I’m on the plane back from San Francisco. PGK’s second Create the Change Day in the past five weeks in the books. I’m spent. Truly, it’s been a while since I have run on such fumes. I realize, literally on the flight, that Thanksgiving is next week. I’ve done nothing. No turkey ordered. No plans made. Nothing. Some probably figure that’s no big deal. Always easy to get a turkey, right? But the fact is my daughter’s birthday comes right after that, which means I’ve done nothing for that either. Where has 2017 gone? How is 2018 almost here? And how am I headed headlong into my favorite season completely unprepared?
I’ve spent 2017 focused on trying to move PGK to the next level that I have moments like these that literally blindside me. I’ve got four kids. Every mother of four feels blindsided at times, I think. It’s unavoidable. The numbers just aren’t in our favor. But lately, I’ve found myself very reflective, and seemingly blindsided all to often. In my quest to do the right thing, am I actually doing the right thing? Am I driving hard to instill compassion in the next generation but not being as compassionate with my own kids as I should be in the midst of my busyness? With myself? (Definitely not the latter.)
I struggle to find the balance lately, but yet I can’t seem to walk away from this movement I’ve tried to start either. The world seems in such need of more compassion and hope. And as much as I am sitting here struck by my realization that the holidays are coming and I’m not ready, I was just handed another “moment” too. Next to me sits an elderly woman. Between us are a lot of years and a language barrier. She offers me her Spanish magazine, the equivalent of People. I graciously take it and see if I can read any of it. Few words here and there, sadly. Later, I look her way as she starts to eat her airplane pretzels and she offers me one because our eyes meet. And I’m struck, hard. Kindness is universal. It is the thing that needs no language, knows no age, has no boundary. We all crave it. We all thrive on it. We are struck by it when we see it, because we have no choice but to feel it too.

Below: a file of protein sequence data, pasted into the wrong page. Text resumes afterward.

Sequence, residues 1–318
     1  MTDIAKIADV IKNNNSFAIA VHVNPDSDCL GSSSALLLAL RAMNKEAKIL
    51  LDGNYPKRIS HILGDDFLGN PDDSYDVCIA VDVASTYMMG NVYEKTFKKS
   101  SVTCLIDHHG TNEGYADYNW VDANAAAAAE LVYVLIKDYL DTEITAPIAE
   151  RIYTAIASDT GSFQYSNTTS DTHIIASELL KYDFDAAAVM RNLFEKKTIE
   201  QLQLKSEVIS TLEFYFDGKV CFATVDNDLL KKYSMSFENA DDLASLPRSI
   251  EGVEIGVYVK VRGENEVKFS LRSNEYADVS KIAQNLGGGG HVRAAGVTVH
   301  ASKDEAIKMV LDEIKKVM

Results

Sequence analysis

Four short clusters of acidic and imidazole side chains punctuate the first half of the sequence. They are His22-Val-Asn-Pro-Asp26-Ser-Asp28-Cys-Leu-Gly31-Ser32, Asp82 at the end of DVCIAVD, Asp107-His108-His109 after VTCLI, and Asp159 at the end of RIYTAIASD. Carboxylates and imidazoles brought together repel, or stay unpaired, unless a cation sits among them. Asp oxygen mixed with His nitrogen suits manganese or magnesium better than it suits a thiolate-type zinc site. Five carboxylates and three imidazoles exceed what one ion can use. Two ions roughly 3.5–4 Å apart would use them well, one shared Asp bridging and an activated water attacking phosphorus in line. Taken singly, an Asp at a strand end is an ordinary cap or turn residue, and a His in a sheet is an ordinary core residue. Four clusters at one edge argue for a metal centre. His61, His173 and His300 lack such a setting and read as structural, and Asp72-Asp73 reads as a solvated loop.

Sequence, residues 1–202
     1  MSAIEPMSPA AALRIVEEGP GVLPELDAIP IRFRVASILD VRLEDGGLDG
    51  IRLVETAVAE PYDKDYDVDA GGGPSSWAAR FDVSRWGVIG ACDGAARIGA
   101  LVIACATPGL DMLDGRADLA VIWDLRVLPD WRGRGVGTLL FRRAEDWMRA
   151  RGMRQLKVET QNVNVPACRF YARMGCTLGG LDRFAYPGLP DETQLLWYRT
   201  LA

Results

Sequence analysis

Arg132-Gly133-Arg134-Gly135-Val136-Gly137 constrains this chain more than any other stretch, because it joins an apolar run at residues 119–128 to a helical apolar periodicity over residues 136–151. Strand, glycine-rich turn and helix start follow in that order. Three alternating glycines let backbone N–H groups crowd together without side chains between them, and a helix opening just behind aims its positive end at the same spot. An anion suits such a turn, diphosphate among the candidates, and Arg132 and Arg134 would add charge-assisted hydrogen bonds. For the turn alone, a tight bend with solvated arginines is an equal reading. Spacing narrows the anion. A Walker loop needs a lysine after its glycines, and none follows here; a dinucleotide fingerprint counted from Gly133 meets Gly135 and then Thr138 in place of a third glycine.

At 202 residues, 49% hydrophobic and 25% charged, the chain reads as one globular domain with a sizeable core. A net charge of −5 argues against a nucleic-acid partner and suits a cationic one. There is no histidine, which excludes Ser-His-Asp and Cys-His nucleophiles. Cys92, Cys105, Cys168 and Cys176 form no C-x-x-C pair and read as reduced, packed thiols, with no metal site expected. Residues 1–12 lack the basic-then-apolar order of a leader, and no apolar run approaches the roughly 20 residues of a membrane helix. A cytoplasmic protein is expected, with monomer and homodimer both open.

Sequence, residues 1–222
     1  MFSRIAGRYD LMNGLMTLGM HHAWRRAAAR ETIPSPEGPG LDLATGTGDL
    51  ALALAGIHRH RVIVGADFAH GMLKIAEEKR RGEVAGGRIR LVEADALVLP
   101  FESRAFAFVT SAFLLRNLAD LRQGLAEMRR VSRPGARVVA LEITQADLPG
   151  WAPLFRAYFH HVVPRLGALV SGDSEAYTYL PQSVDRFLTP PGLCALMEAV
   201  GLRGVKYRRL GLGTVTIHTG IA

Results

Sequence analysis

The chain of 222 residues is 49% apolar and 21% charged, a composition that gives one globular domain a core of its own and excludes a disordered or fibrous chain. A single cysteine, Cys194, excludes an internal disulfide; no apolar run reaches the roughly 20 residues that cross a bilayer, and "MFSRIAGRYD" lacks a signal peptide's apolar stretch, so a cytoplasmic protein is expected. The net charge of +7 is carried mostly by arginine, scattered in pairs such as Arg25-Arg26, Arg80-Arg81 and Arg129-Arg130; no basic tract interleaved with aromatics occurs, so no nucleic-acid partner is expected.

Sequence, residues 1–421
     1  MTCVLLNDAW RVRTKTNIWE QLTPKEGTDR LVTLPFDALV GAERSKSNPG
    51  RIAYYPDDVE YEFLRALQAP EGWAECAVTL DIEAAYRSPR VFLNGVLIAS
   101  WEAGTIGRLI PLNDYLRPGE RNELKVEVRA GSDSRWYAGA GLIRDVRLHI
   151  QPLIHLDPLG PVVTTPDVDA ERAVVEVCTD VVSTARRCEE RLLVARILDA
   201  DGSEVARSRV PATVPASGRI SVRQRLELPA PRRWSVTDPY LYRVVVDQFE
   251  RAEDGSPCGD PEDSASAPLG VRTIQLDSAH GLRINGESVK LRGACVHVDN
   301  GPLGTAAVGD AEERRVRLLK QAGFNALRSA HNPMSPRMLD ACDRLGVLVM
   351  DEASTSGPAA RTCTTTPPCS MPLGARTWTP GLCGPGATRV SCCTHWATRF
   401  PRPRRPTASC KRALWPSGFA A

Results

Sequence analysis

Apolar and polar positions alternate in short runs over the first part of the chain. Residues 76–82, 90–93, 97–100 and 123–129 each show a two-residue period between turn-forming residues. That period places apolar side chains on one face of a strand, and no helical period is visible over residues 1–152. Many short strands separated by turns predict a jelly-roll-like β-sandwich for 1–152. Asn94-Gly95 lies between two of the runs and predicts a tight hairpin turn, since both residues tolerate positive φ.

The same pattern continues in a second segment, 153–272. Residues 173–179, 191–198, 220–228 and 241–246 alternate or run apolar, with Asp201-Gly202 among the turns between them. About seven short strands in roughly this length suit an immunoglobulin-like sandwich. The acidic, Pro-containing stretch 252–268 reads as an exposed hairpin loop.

Heading home with guilt for being gone and exhaustion from too little sleep, I write and think, and feel my eyes well up. Kindness and compassion are too important not to devote one’s energy and time to fostering it. I even have the good fortune of having a vehicle through which to do so. So, I will land in a couple of hours, give a lot of kisses, order a turkey tomorrow, and hop on Amazon with plenty of time to still get birthday gifts (thank goodness). And I will remind myself that as my days fly by, every one of us has a chance to be the old lady next to me – to touch the hearts of those around us with thoughtful, and often simple, acts of kindness and compassion.
THAT is something to be thankful for. Bring on Thanksgiving!